In the latter case, the decision maker or expert should assess the relative influence of each partial criterion of the lower-level of hierarchy on the overall assessment of the k-th alternative properties at the next level in the given conditions, and relate this assessment with the corresponding point on the rating scale, characterized by the number f. Experts can select the point between numbers or assign several criteria to one point on the scale.

The domain of the coefficients of priority is a simplex


This normalization is performed, if the coefficients of priority are determined by the formula

where is the i-th component of the priority vector for -th level of the hierarchy in the calculation of evaluation of the k-th property effectiveness on a j-th level; is assessment of the importance of i-th property on level for the k-th property on j-th level (is determined by experts or decision-makers on the rating scale). If several experts take part in the evaluation procedure, the estimates can be obtained either by a simple arithmetic averaging of experts estimates (when the level of expert’s competence is about the same), or according to their competence in this matter. The procedure for calculation of competence coefficients is described in [2].

It’s more complicated procedure when an expert estimates the coefficients of the priority on ordinal scales, in other words, is ranking criteria in their order of importance. Rank—it is a natural number that characterizes the serial number of criteria. The result of the expert’s work is represented by a rank sequence of j-th expert:

Here, is the amount of criteria; m is the amount of experts.

As the experts’ evaluations are given in ordinal scale, the arithmetic averaging method cannot be applied. To construct the group opinion of experts in this case a ranks finite-dimensional space is introduced and metrics in it. A ranking of the j-th expert is a point in ranks space. The metric represents the distance between the rankings i and j.

To calculate the rank of the i-th criterion the Kemeny median (group expert opinion) is used. This is such a point in the space of ranks, that the sum of distances between it and all other points is minimal:

where is the median or the generalized Kemeny ranking for the i-th criterion; is the coefficient of competence of j-th expert (determined by known methods [2]); R is the current ranking, in which the minimization takes place. The metric is chosen as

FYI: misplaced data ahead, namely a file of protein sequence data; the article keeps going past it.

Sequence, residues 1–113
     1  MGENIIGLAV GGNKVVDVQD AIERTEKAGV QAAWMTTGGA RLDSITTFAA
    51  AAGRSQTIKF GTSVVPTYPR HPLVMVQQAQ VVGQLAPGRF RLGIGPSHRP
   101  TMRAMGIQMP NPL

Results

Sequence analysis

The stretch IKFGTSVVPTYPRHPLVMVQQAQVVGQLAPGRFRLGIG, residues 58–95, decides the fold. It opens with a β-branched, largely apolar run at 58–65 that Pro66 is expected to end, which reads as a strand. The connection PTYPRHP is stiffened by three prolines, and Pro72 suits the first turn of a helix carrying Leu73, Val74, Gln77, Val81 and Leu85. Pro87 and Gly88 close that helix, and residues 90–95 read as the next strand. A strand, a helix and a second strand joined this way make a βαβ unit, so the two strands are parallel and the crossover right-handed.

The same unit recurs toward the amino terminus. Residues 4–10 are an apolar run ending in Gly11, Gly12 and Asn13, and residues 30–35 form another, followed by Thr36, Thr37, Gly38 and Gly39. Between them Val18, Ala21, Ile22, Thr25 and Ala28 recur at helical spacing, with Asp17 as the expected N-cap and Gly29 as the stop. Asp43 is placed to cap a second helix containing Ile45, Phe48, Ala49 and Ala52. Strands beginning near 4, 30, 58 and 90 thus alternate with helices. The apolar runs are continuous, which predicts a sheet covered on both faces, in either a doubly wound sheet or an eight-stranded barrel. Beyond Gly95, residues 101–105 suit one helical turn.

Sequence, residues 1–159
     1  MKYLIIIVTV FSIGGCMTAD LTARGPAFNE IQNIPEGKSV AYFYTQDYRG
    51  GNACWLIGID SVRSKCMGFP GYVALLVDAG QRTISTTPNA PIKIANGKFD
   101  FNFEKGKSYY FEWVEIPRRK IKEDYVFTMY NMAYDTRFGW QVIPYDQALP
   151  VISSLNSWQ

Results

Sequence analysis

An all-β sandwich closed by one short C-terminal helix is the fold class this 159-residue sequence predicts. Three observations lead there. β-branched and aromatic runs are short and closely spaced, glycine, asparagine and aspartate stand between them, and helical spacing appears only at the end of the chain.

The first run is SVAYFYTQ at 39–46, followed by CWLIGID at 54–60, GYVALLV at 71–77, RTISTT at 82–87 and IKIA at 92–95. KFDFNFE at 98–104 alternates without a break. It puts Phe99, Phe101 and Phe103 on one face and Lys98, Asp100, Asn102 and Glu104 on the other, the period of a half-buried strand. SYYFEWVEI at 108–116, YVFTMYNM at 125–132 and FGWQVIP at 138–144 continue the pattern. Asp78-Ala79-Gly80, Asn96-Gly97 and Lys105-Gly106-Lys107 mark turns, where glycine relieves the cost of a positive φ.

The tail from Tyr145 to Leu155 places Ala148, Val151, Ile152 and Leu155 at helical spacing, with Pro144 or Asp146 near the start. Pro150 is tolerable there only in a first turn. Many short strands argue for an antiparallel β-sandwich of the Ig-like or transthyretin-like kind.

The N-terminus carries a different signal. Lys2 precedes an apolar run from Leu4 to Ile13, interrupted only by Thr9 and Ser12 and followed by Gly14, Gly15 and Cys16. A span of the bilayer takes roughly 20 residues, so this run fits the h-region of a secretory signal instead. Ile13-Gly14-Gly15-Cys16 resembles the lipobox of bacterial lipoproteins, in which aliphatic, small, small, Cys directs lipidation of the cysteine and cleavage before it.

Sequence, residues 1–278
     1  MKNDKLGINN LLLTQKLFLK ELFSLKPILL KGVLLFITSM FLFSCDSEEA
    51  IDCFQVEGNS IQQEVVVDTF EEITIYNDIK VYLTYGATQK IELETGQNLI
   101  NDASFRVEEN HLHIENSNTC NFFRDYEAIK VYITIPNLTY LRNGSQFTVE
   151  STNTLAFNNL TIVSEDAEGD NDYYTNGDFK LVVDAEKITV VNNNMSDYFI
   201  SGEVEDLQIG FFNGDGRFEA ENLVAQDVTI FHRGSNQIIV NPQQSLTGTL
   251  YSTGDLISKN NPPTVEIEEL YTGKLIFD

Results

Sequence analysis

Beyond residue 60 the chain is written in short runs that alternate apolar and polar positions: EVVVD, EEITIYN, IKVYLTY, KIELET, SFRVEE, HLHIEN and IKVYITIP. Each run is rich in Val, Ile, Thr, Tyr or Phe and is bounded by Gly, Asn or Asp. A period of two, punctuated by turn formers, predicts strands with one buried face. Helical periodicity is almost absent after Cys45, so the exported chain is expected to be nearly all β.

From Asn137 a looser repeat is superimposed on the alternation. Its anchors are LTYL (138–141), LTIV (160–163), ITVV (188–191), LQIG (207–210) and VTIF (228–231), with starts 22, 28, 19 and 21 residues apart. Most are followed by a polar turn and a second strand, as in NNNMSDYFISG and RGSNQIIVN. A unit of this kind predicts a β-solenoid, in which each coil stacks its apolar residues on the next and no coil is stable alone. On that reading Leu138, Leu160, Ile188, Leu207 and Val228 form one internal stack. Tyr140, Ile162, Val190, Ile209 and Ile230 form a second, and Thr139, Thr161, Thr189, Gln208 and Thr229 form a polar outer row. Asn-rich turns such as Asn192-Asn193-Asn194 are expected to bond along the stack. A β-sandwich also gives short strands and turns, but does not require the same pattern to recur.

Calculating the Kemeny median—this is a problem of integer programming. To solve it the different algorithms of discrete mathematics are used, for example, based on the branch and bound method.

Based on the generalized ranking the weighting coefficient for each criterion can be determined, using a Fishburne scale [3]:

where is the significance coefficient of i-th criterion; is the rank of the current criterion in the generalized ranking; n is the amount of criteria.

We can see that the priority coefficients calculation is a daunting task, especially when you use the ranking methods.

In the most simple and rather common case the multicriteria problem is formulated and solved without priorities, when decision-makers believe that all the importance parameters for all properties of alternatives are the same. In this case, a simple scalar convolution with the nonlinear trade-offs scheme in a unified form is used [2].

7. The Recurrent Formula for Calculating the Criteria

In order to formula (2) reflected the idea of the nested scalar convolutions method in accordance with the recurrent relation (1), this expression should be normalized, i.e., must be obtained a relative measure such that it were subject to be minimized, and it were the unit for it as the limit value.

The structure of the nonlinear compromise scheme enables normalizing the convolution (2) not to the maximum (which in this case is difficult), but to the minimum value of criteria convolution. Indeed, the ideal values for the criteria that are subject to be minimized are their zero points. Putting in (2)

and taking into account the normalization (3), we obtain

. After calculations [2], the final expression for the recurrent formula for calculating analytical assessments of the alternatives properties at all levels of the hierarchy becomes


8. Qualitative Evaluation of Alternatives

A qualitative (linguistic) estimate is obtained by comparing the analytic evaluation of an alternative with the inverse normalized fundamental scale. The general concept of an ordinal fundamental scale is described in [4]. An interval normalized inverted scale is presented by the Table 1. It shows the relationship between qualitative gradations of properties of objects and the corresponding normalized quantitative estimates.